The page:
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Successful platforms? Matchmakers that reduce frictions.

MIT Sloan’s Richard Schmalensee on what OpenTable has that Apple Pay doesn’t

By Brian Eastwood  |  June 8, 2016

The business world is in the midst of a platform revolution, with billion-dollar companies springing up almost overnight to disrupt industries as varied as hospitality, transportation, and retail.

Richard SchmalenseeRichard Schmalensee

Companies such as Airbnb, Uber, and Amazon haven’t succeeded solely by connecting large numbers of people, organizations, and resources, as the theory of network effects might suggest.

Instead, Richard Schmalensee and David S. Evans argue in Matchmakers: The New Economics of Multisided Platforms, these ecosystems succeed by reducing important frictions that make it difficult for people and organizations to connect with each other in a mutually beneficial manner.

A “chicken-and-egg problem”
Multisided platforms have proliferated in recent years thanks to modern technological advances—namely broadband internet, mobile phones, and the cloud. However, the concept of the matchmaker is nothing new, said Schmalensee, professor of management and economics emeritus and dean emeritus at MIT Sloan.

The medieval trade fair or ancient Greek agora had to strike a delicate balance: Charging the right rent to the right sellers to attract the right buyers so a long journey to market is worthwhile to both groups.

“You solve the chicken-and-egg problem by finding some reason for both sides to come,” he said. “Once both sides come, you can be self-sustaining and profitable. But you have to get it going.”

Matchmakers

For the most successful platforms, the reason to come is reduced friction. OpenTable lets diners peruse open reservations at dozens of restaurants instead of calling them one at a time. Alibaba connects retail and wholesale buyers and sellers in several authenticated platforms. M-PESA lets Kenyans send and receive money using their mobile phones without needing a bank branch, debit card, or ATM.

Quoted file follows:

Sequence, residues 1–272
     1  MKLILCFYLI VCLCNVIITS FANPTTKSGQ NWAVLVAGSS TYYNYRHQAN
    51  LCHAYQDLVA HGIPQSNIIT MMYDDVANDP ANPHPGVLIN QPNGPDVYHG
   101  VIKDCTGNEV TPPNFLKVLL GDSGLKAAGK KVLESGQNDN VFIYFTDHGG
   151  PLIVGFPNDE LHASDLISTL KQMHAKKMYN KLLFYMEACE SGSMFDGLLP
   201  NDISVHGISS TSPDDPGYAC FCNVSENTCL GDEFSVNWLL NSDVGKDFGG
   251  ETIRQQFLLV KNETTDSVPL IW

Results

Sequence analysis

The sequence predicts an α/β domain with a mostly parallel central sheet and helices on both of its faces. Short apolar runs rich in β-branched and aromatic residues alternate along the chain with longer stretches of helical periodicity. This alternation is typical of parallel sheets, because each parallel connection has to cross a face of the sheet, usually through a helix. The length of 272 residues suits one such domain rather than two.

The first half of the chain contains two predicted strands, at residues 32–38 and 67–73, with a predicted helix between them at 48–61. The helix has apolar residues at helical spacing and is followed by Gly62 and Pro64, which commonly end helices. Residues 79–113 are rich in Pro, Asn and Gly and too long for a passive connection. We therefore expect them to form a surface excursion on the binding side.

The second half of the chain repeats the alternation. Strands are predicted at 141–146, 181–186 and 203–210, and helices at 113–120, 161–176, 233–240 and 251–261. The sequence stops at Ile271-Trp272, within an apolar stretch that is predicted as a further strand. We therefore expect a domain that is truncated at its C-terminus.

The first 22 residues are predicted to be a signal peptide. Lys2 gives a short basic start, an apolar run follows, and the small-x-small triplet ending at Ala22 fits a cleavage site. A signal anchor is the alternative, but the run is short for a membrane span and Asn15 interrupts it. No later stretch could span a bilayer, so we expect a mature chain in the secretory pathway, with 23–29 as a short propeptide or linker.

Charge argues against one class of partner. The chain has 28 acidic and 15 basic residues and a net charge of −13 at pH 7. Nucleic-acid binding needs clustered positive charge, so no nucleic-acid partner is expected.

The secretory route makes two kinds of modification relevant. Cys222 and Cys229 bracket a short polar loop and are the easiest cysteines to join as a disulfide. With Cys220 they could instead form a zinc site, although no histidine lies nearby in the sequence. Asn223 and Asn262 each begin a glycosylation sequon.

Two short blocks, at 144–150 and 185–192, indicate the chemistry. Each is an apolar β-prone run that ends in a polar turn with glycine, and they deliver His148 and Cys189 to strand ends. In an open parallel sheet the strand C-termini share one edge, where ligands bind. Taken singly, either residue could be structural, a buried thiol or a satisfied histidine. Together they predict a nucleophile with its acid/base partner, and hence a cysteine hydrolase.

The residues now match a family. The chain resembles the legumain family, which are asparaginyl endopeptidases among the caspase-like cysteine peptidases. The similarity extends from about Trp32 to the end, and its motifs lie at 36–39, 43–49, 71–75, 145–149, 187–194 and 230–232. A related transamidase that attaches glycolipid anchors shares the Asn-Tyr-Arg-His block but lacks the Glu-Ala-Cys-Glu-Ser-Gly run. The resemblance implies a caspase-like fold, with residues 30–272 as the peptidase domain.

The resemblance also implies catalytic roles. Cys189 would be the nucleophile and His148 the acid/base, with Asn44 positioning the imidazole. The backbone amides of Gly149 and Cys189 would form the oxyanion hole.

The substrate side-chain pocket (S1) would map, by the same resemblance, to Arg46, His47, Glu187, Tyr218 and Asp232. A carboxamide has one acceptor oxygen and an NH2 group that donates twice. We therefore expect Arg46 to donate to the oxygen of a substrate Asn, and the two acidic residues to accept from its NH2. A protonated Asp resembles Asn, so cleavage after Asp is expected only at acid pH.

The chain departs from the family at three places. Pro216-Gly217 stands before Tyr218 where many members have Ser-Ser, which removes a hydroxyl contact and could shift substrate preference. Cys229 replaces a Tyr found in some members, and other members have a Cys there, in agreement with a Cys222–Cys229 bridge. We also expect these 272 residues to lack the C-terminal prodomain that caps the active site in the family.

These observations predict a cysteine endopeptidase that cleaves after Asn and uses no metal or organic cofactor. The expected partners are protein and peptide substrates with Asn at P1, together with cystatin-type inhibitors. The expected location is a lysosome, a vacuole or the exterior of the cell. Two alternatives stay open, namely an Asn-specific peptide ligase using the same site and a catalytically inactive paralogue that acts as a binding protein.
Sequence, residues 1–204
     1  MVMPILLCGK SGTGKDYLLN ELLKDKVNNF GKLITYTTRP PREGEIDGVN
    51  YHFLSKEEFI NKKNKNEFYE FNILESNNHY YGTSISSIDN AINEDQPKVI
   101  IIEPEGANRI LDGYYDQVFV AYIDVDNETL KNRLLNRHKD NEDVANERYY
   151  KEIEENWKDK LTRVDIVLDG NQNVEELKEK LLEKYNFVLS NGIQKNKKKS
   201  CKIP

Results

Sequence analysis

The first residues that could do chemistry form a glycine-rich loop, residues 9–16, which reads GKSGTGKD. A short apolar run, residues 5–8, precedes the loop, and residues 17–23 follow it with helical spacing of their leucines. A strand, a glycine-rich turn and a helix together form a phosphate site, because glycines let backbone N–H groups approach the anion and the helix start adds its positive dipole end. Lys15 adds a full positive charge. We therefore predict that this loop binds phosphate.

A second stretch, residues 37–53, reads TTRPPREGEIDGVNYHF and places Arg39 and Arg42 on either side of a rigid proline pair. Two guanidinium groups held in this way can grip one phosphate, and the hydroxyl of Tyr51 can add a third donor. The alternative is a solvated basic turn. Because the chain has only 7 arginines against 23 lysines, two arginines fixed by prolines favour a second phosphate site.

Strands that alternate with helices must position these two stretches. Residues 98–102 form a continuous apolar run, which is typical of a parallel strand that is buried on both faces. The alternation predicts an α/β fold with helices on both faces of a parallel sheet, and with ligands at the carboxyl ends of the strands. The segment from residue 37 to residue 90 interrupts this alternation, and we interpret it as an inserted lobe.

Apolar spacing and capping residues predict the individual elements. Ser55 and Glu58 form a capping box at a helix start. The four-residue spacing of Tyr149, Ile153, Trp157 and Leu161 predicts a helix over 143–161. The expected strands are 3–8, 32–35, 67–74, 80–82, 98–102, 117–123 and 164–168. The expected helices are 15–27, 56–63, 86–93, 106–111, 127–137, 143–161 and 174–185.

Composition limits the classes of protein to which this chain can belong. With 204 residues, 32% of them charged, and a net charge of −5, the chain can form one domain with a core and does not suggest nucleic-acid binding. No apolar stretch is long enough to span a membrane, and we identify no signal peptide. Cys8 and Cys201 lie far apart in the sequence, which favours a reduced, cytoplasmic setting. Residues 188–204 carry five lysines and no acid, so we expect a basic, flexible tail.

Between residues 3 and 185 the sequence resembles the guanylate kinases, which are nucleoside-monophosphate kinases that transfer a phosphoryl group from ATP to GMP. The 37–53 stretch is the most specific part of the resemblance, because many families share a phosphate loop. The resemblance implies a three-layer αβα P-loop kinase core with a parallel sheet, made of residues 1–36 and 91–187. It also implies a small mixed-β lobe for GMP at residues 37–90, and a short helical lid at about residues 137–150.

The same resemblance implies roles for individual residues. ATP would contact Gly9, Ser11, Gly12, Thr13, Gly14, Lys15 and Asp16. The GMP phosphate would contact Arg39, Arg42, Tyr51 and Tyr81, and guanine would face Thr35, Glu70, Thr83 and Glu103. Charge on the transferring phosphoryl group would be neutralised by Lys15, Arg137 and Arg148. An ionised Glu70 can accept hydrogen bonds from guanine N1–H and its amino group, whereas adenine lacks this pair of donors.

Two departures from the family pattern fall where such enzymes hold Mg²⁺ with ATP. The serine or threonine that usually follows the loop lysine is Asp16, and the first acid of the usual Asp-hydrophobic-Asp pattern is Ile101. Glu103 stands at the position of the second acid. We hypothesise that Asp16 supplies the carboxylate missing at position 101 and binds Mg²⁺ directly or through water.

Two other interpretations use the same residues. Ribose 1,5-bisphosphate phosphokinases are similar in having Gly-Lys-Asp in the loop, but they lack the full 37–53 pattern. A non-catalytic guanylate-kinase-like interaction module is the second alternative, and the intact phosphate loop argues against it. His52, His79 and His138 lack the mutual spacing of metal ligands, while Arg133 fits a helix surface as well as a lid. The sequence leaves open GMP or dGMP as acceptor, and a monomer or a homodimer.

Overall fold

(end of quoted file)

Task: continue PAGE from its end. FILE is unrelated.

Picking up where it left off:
Friction matters more than technology, Schmalensee said. Apple Pay is a “neat idea,” but it doesn’t bring enough value to buyers or sellers to displace the credit card at the point of sale. A full year after its September 2014 launch, Apple Pay accounted for only 0.18 percent of all retail store credit card transactions.

Meanwhile, Business-to-Business platforms failed by the thousands in the United States because the buyer-seller trust and communication issues that e-commerce platform Alibaba resolves in China are largely absent here.

“It’s not finding some clever technology connecting A types and B types more easily,” Schmalensee said. “You have to make the connection more valuable, something you can get paid for enabling.”

“The only limit is human ingenuity”
Multisided platforms succeed when they have rules to benefit all comers. Both OpenTable and Facebook suspend user accounts—the former for too many dinner reservation no-shows, the latter for bad behavior. Doing so makes these platforms more attractive to restaurants and advertisers, who are assured that users are reliable and trustworthy.

“In many of these settings, these rules are obvious, but it requires some thought,” Schmalensee said. “That’s not a problem that arises in ordinary businesses: They don’t need to set limits on interactions among their customers.”

It’s difficult to predict which types of matchmaking businesses will emerge in the platform economy of the future, Schmalensee said, but he added that innovation will likely come in episodes. Electric streetcars were becoming common in the 1890s, he noted, but it would be another three decades before electric motors became common in factories.

“People will have ideas that come in waves,” Schmalensee said. “People will be doing things in five years that we haven’t even imagined today. The only limit is human ingenuity.”